Bears and Bees in the Sunshine State

Compared to viruses, Varroa mites, Nosema, pesticide damage, and the myriad of other problems we are facing, bears (Florida black bears of course) are one of the more (if not the most) straightforward problems beekeepers have in terms of keeping their bees alive. On most occasions a good electric fence will do the trick, but for some reason bears seem to have been more of a problem in Florida than usual. Yards that have never had a problem will be completely destroyed overnight even with a fence. I personally had one of my yards demolished with an electric fence within a fenced pasture. They came back four nights in a row. The bees were gone by the fourth night but the bears broke into my shed and destroyed 700lbs of honey in search of brood that wasn’t there. So why is it that bears seem to more of a problem in recent years? Simple. There’s more of them and with increasing land development and sprawl there is less natural habitat for them to forage.

This serene behemoth was one of the 4 bears that got into my hives in Micanopy, FL in May 2015. He was accompanied by a mama with 2 older cubs. Taken with a game cam by Kendra McKenzie
This menacing brute was responsible for the destruction of one of the Uf’s Honey Bee Lab’s satellite apiaries


According to Florida Fish and Wildlife Conservation Commission (FWC), the black bear population in Florida has increased 30% since 2002, increasing from 2,630 to 3,421. This is a very conservative estimate. With an increase in human/bear interaction, the FWC has been looking for ways to control the population and one of the proposed plans was passed this week: Bear season. Florida has finally joined the 32 other states that have some sort of bear hunting season in place. After much debate and controversy, the plan for a limited season passed on with a 5-1 vote on June 24, 2015, only three years after they were removed from the state’s endangered species list. The season will last one week and is scheduled to start on October 24th and applies to four out of the state’s seven Bear Management Units (BMUs). Map of the BMU’s found here:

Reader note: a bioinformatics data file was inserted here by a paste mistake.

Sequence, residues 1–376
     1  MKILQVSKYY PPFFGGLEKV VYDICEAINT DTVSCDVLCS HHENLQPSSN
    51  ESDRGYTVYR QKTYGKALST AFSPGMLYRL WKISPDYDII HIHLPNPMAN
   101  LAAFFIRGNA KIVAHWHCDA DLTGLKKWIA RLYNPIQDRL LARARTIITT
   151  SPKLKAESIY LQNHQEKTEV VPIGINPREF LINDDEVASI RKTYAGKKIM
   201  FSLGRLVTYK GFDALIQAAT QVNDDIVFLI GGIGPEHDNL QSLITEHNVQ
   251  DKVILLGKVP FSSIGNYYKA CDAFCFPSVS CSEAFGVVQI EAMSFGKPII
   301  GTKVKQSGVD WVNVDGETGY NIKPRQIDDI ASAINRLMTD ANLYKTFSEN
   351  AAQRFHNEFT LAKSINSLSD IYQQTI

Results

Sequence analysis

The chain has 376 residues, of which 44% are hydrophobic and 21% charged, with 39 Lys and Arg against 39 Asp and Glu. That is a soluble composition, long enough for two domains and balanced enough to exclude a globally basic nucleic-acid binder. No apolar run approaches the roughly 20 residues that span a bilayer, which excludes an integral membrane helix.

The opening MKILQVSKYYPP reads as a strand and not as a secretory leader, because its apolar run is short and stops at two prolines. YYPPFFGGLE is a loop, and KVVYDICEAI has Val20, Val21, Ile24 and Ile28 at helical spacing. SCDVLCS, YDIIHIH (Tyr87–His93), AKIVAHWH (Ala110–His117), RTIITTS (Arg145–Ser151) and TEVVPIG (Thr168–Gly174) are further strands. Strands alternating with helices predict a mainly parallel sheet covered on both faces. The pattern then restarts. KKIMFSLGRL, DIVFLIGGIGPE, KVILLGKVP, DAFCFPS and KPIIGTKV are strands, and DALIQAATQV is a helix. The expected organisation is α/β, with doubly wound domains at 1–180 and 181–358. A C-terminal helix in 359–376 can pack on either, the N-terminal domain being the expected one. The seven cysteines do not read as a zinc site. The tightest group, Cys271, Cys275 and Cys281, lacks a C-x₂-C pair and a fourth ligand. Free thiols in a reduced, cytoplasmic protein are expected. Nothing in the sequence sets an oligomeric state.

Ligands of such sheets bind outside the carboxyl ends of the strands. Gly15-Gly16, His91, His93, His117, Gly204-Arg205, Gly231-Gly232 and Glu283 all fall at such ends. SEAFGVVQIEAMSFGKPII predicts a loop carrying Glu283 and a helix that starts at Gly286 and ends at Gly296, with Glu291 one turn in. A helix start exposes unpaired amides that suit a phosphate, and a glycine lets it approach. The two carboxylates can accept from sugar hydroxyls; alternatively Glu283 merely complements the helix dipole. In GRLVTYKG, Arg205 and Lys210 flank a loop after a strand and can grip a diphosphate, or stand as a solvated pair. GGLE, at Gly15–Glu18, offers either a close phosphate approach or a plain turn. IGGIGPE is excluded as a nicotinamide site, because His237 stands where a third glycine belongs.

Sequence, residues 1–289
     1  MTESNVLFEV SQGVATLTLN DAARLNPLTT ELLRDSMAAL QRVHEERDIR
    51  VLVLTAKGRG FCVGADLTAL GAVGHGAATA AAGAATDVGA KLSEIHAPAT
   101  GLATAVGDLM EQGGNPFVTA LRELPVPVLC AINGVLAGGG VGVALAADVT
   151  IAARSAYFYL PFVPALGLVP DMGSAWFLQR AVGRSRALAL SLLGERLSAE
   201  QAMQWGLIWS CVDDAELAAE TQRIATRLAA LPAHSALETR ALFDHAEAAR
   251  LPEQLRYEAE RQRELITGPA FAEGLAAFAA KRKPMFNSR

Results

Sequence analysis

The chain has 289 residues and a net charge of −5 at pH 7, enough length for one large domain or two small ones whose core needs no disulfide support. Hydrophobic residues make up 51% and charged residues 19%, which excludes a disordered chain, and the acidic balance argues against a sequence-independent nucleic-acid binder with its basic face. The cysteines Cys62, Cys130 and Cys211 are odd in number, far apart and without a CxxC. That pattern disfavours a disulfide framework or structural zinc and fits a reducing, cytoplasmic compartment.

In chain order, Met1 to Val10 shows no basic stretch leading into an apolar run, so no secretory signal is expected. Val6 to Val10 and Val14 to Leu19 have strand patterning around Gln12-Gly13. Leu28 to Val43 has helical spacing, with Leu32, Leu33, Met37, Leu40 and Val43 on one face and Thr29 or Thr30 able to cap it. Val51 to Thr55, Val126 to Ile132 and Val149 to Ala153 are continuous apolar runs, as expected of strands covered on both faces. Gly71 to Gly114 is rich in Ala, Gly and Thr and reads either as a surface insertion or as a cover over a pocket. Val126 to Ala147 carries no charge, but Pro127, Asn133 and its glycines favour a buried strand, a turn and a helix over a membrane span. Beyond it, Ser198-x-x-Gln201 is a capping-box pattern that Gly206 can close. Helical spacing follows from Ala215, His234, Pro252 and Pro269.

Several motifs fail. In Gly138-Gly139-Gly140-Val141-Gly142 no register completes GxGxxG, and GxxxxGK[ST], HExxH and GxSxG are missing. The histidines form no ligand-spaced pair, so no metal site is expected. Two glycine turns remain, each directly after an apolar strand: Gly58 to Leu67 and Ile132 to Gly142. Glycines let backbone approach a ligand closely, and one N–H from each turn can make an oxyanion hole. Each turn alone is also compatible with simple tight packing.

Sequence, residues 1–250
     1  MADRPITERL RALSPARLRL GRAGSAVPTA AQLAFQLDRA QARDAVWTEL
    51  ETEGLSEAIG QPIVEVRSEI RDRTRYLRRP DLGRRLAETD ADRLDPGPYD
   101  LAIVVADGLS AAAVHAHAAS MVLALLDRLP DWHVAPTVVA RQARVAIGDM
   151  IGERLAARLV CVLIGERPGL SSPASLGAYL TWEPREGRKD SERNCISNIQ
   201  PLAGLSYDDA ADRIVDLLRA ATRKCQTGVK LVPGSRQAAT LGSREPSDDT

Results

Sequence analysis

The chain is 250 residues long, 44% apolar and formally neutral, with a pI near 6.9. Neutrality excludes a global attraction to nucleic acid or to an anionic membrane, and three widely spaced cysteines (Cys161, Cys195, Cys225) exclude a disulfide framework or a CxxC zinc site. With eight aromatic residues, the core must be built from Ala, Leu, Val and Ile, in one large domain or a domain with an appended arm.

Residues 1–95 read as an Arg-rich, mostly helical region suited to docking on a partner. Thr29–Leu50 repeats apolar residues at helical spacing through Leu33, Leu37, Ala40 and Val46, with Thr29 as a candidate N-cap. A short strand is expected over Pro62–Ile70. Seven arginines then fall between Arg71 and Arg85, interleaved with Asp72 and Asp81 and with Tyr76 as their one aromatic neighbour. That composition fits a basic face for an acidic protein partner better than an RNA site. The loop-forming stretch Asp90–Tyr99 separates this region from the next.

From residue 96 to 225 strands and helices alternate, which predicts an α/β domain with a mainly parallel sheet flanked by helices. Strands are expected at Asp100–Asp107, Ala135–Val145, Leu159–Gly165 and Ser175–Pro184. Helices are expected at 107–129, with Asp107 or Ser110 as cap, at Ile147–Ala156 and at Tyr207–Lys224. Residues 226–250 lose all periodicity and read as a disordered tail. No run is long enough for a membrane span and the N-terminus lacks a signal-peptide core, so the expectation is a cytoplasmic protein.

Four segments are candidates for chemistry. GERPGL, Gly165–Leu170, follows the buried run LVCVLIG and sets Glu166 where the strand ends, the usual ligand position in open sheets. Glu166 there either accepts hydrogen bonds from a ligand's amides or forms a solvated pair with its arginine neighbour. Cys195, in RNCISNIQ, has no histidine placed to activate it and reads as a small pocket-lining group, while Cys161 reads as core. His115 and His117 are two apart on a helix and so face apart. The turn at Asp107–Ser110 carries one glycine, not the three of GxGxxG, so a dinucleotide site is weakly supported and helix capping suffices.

In April 2014 bears destroyed an entire yard of 30+ bees belonging to the University of Florida’s Honey Bee Research and Extension Lab. This pic is where the bear tried to dig under the electrified fence. Photo: University of Florida
Some of the wreckage… Photo: University of Florida

Time will tell if this management strategy will be effective in terms of reducing bear problems for Florida bees and their keepers. Every beekeeper has their own method of building bear fences so I will not presume to make suggestions other than hanging bacon or some other treat on the fence. We know that even the best fence might not hold up against a very motivated mama bear, but if anyone has any tried and true tips or tricks or would like to commiserate with a woeful (or successful) bear tale, we’d love for you to share in the comments!



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